DoodleBook

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DoodleBook.jpeg
DoodleBook: I hacked my MacBook by doing a custom paint job, and making my MacBook a bit psychedelic.


The other day I was playing on some of the sites. I found a site called Applefritter that showed off various hardware modifications and custom paint-jobs to computers. This is just good clean geek fun. Well, I'd done a few of these over the years. Here's one that I did: an iBook that I had doodled all over the inside.

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This is what happens when you have too much time on your hands, and you like to doodle. I have lots of these doodles I do when I'm board. I started them in an art class in Jr. High School -- and have been doing them ever since. I give most of them away to people who like the retro-70's throwback stuff (when I was in Jr. High School, BTW) -- and only have a few of my own. I decided to do this one on the inside of an iBook

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First I took the iBook apart, and used alcohol to remove the paint. This was a tedious process, with lots of soaking and scrubbing with a toothbrush. My wife complains that that toothbrush still doesn't taste right. Anyways, I was going to do the top AND bottom -- but after getting the bottom done, I decided against taking the display apart. Sorry, no pictures of the disassembly, nor audio clips of the cursing when I splashed alcohol in my eye. Also it is important to note that alcohol will take the finish right off of the kitchen table, and will let you know where every little nick or cut on your hands are.

After the insides were cleaned, I used an ink-pen, to outline my different doodles and patterns, then filled them in with another pen. When complete, I sprayed it with silver paint to opaque up the background and offer a little contrast. Clear iBooks are fine -- but I wanted to see my doodle.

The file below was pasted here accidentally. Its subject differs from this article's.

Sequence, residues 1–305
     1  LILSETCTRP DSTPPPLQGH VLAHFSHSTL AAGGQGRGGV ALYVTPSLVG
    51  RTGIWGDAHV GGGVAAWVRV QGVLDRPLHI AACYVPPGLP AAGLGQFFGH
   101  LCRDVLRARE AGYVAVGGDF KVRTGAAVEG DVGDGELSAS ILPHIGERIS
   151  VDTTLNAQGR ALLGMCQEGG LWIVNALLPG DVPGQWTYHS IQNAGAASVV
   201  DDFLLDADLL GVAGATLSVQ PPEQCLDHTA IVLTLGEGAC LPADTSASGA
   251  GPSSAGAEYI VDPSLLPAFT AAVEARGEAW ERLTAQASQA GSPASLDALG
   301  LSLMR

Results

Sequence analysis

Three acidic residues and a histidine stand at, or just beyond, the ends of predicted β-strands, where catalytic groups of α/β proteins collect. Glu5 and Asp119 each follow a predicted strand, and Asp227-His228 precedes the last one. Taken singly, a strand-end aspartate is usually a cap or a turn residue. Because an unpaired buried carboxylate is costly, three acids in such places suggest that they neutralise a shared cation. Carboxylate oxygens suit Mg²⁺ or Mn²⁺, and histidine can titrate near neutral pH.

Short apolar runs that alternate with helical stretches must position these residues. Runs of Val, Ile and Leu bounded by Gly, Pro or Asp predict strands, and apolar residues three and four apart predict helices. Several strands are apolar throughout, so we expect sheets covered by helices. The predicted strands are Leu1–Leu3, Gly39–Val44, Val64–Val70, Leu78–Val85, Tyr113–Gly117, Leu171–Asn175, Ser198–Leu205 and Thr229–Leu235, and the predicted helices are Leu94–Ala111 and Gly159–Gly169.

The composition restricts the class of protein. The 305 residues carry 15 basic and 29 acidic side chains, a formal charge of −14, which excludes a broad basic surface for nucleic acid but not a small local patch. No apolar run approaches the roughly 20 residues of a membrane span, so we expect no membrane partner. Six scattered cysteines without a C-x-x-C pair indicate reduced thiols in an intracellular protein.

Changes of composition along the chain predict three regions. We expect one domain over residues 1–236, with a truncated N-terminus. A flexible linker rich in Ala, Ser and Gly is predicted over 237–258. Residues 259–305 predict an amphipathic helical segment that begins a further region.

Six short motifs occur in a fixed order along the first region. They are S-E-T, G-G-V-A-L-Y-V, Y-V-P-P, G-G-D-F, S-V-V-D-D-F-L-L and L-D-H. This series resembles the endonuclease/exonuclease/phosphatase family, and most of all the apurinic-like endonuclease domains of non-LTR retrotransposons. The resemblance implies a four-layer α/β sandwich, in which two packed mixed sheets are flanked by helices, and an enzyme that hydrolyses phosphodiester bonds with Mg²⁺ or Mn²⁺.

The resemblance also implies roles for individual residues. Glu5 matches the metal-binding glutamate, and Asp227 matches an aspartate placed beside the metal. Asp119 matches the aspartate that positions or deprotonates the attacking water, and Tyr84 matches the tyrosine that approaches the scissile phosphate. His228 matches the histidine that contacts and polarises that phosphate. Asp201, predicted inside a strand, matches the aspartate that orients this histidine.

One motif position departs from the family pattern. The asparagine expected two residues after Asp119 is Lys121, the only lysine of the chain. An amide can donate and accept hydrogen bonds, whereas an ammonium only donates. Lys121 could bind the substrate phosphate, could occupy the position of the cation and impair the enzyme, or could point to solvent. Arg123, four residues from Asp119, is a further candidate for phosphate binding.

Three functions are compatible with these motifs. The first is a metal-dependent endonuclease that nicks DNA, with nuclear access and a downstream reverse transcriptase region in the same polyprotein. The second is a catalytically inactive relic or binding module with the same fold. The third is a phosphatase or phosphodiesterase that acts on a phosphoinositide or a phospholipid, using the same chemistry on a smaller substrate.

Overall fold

NOTE: The pirate skull actually has nothing to do with software piracy (other than inuendo), I just use this Pirate flag as sort a stamp of personalization.

By the way, I think a site dedicated to hardware hacks is way cool. I did my first major hack back in 1981 and wish there had been a place to put picture back then. For the record, I took a Commodore-64 to guts, put it in my own case (an experiment case), wired up my own keyboard (numeric keypad), rewired some of the motherboard to bring hardware reset line out and add in my special function support, added my own internal memory and addressing so that I could block the write-latch on some memory (Pseudo-ROM), burned my own ROM's to snapshot any game that was in memory when I pushed a special button, and had debug/copy-protection removal code built into my version of the OS, and basically was an obnoxious cracker that went by many names; with Commodore and others trying to figure out who was cracking their games within a day of release. Ahhh, the good ol' days, when minors didn't fear felonies, 64K was a lot of memory, and when you could solder on 2 layer motherboards without fear of ramifications.

Conclusion

Things like this are why you need to keep nerds busy; otherwise they'll waste time doodling on their computers or hot-rodding them. You'd think my wife would keep me busy enough around the house; but alas, I'm always doing weird little art projects or things while watching TV.

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Written: 2003.07.04